There may be regions of genes that cannot be effectively amplified for sequencing or deletion and duplication analysis as a result of technical limitations of the assay, including regions of homology, high guanine-cytosine (GC) content, and repetitive sequences. Confirmation of select reportable variants will be performed by alternate methodologies based on internal laboratory criteria.

 

This assay will not reliably detect insertions/deletions (indels) of 40 or more base pairs (bp), including Alu insertions, long interspersed nuclear elements (LINES), and short interspersed nuclear elements (SINES). The bioinformatics software pipeline is verified to detect 95% of deletions up to 75 bp and insertions up to 47 bp.

 

Additionally, low level mosaic variants may not be detected.

 

This test is not designed to differentiate between somatic and germline variants. If there is a possibility that any detected variant is somatic, additional testing may be necessary to clarify the significance of results.

 

Reclassification of Variants-Policy:

At this time, it is not standard practice for the laboratory to systematically review previously classified variants on a regular basis. The laboratory encourages health care providers to contact the laboratory at any time to learn how the status of a particular variant may have changed over time.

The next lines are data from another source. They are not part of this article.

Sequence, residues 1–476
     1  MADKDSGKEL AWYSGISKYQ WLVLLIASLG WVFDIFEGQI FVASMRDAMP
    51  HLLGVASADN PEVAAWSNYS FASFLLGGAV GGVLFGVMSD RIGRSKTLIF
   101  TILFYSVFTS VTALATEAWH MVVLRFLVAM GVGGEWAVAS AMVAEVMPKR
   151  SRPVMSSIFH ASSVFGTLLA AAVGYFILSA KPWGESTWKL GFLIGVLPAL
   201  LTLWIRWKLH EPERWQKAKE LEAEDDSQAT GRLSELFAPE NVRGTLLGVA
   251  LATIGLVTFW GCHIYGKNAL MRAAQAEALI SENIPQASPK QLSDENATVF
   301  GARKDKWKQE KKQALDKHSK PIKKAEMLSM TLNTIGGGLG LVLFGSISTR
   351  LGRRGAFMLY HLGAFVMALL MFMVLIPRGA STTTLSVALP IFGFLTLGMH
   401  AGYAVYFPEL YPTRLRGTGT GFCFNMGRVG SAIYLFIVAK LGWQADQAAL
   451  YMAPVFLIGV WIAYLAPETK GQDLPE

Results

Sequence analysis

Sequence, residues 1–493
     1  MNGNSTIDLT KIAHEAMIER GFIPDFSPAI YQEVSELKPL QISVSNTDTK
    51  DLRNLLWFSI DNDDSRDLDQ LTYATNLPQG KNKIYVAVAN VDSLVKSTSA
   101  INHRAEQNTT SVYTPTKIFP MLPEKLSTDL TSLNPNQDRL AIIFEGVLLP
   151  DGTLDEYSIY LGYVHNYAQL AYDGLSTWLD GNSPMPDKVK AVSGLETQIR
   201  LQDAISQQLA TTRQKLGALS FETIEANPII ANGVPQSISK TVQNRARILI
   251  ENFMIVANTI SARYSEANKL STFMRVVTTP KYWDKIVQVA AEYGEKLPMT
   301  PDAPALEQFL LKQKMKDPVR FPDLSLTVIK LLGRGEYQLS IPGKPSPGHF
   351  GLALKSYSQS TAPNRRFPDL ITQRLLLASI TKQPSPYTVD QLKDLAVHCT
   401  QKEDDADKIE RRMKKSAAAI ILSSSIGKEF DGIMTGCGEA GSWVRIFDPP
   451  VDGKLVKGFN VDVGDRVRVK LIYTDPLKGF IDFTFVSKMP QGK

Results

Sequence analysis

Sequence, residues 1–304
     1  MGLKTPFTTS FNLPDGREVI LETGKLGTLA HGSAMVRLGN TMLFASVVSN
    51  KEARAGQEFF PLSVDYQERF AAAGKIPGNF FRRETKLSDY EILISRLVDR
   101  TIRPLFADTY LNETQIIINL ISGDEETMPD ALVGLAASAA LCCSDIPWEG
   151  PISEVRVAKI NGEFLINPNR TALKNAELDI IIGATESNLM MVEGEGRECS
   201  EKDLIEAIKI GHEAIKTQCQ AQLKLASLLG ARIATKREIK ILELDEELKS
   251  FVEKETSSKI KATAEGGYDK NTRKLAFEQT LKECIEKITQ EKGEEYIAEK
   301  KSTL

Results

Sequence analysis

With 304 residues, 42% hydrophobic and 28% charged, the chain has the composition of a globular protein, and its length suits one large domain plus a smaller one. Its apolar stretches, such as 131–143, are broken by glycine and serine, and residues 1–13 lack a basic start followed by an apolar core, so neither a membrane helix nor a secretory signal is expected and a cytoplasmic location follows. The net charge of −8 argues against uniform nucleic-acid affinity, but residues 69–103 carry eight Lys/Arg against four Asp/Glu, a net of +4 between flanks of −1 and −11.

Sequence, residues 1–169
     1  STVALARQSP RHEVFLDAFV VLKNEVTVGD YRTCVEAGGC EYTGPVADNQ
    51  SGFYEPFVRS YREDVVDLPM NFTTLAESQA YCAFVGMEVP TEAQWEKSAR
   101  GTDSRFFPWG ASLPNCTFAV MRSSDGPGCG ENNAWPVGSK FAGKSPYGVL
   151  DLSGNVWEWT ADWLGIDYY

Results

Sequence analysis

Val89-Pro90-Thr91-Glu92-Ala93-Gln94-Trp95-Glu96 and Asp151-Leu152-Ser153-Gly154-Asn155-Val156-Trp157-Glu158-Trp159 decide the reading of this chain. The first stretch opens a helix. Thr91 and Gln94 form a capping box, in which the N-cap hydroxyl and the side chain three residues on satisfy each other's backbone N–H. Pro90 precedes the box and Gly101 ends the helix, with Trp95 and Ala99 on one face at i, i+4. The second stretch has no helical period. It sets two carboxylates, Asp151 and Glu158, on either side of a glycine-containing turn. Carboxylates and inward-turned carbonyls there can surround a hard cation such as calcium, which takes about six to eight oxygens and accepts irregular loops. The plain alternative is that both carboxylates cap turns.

Variant Evaluation:

Evaluation and categorization of variants is performed using published American College of Medical Genetics and Genomics (ACMG) and Association for Molecular Pathology (AMP) recommendations as a guideline. Other gene specific guidelines may also be considered. Variants are classified based on known, predicted, or possible pathogenicity and reported with interpretive comments detailing their potential or known significance. Variants classified as benign or likely benign are not reported.

 

Multiple in silico evaluation tools may be used to assist in the interpretation of these results. The accuracy of predictions made by in silico evaluation tools is highly dependent upon the data available for a given gene, and periodic updates to these tools may cause predictions to change over time. Results from in silico evaluation tools should be interpreted with caution and professional clinical judgment. Intronic and synonymous sequence variants not predicted to impact splicing or otherwise contribute to disease are not reported.

Clinical Reference Recommendations for in-depth reading of a clinical nature

1. Richards S, Aziz N, Bale S, et al: Standards and guidelines for the interpretation of sequence variants: a joint consensus recommendation of the American College of Medical Genetics and Genomics and the Association for Molecular Pathology. Genet Med. 2015 May;17(5):405-424

2. Burgard P, Luo X, Levy HL, Hoffmann GF: Phenylketonuria. In: Sarafoglou K, Hoffmann GF, Roth KS, eds. Pediatric Endocrinology and Inborn Errors of Metabolism. 2nd ed. McGraw-Hill Education; 2017:251-258

3. Blau N, Thony B: Hyperphenylalanemias: Disorders of tetrahydrobiopterin metabolism. In: Sarafoglou K, Hoffmann GF, Roth KS, eds. Pediatric Endocrinology and Inborn Errors of Metabolism. 2nd ed. McGraw-Hill Education; 2017:259-266

4. Anikster Y, Haack TB, Vilboux T, et al: Biallelic mutations in DNAJC12 cause hyperphenylalaninemia, dystonia, and intellectual disability. Am J Hum Genet. 2017;100(2):257-266. doi: 10.1016/j.ajhg.2017.01.002

5. OMIM. Johns Hopkins University; Accessed January 2, 2020. Available at https://omim.org/

Special Instructions Library of PDFs including pertinent information and forms related to the test